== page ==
The auctioneer’s hammer is expected to fall out the front of Melbourne properties again in late October, after the Victorian Government outlined the state’s roadmap out of lockdown on Sunday.
Premier Daniel Andrews unveiled the detailed plan to live alongside COVID-19, with restrictions set to ease in stages, as more of the population is vaccinated.
He said when 70 per cent of eligible Victorians are double vaccinated, Melbourne’s lockdown would end, and on-site, outdoor auctions could go ahead with as many as 50 fully vaccinated attendees.
This milestone is tipped to occur around October 26.
“As more and more Victorians get that protection (vaccinated), we move to the next phase of the pandemic, and we have the opportunity to open up,” Mr Andrews said.
“The path to being open again will be difficult – but essential to moving forward as a state.”
Until then, only remote auctions will be allowed in Melbourne, and in-person inspections will stay restricted to single households with the agent remaining outside. The home’s occupants must also vacate the property at this time.
Currently, inspections with up to 10 people, plus the agent, and on-site auctions with as many as 10 people are already allowed in regional Victoria.
This is with the exception of Geelong, the Surf Coast and Mitchell Shire, which went back into a seven-day lockdown this morning.
The regional Victorian caps will rise to 30 fully vaccinated people indoors and 100 fully vaccinated attendees outdoors once 70 per cent of Victorians have had both jabs.
Once Victoria hits a double-dose vaccination rate of 80 per cent, Melbourne and regional Victoria’s restrictions will be identical.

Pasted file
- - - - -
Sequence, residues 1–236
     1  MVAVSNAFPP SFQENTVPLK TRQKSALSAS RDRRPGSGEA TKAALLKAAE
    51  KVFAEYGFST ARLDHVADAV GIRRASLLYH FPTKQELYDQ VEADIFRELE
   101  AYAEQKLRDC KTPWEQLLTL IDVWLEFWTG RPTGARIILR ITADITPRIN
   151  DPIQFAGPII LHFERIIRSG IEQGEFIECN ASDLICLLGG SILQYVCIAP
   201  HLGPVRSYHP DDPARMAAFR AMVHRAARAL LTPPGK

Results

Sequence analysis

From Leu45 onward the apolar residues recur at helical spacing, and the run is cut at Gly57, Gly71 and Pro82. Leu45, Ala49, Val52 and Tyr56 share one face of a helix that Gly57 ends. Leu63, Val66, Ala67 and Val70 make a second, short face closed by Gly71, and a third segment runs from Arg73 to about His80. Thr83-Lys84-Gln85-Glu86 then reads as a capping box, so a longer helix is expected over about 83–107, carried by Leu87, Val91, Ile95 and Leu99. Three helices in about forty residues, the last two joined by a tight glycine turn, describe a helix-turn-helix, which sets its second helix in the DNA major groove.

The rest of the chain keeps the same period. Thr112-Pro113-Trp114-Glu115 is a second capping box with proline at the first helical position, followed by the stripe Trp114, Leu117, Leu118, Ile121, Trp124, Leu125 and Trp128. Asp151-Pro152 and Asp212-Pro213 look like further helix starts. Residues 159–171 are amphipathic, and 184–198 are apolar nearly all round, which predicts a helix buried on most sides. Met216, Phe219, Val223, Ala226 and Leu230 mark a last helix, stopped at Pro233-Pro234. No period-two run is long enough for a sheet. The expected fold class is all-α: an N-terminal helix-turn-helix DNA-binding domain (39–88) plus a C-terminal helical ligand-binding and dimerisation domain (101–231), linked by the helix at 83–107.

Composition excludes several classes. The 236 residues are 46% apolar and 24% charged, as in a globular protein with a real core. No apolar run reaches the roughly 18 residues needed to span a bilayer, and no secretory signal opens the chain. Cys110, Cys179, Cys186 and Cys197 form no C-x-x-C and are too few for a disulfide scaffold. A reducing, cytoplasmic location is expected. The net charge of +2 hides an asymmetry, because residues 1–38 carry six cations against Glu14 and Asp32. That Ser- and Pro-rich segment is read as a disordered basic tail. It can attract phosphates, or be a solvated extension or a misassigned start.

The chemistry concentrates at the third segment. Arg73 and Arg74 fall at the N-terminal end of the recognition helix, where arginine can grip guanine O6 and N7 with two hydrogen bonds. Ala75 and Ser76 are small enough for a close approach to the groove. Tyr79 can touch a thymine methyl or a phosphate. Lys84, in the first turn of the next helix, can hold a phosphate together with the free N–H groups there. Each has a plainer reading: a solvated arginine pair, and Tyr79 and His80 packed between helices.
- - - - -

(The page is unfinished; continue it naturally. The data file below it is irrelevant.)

This is expected to be on or about November 5.
The roadmap states at this time up to 150 double-vaccinated attendees can participate in real estate activity indoors, while as many as 500 people can be outside.
Exactly what this consists of is not yet clear, with no other information provided in the roadmap.
In unveiling the roadmap, Mr Andrews said opening up too soon, before Victorians had the chance to get the jab, would mean the state’s hospital system would not cope and “catastrophic” numbers of Victorians would become very unwell.
“While we’re no longer aiming for COVID zero, it’s imperative we don’t jeopardise our health system as we open up – too many Victorians rely on it every day,” he said.
“The COVID-19 thresholds detailed in the roadmap will be important to maintain as we move through the different stages in order to safeguard the health system.”
But some restrictions are expected to ease much sooner, with the roadmap outlining that outdoor recreational sports, such as tennis and basketball, could be reopened around September 26, once 80 per cent of Victorians have had a single jab.
On October 5, VCE students will sit the GAT test and Year 12 and final-year VCAL and International Baccalaureate students will return to school.
Prep, Grade 1 and Grade 2 students will go back to school part-time from October 18.
“When Victoria reaches 70 per cent double-dose vaccination, changes will include an increase in numbers for public gatherings outdoors, funerals, weddings and religious gatherings – with larger caps for people who are fully vaccinated,” Mr Andrews said.
“Creative studios, amusement parks, entertainment venues and hospitality will also reopen with patron cap and density limits but only to people who are fully vaccinated.
“As we’ve flagged before, there will come a time when Victorians who choose not to get vaccinated will be left behind – that time has now been firmly set in the roadmap.”
To read the full roadmap, click here.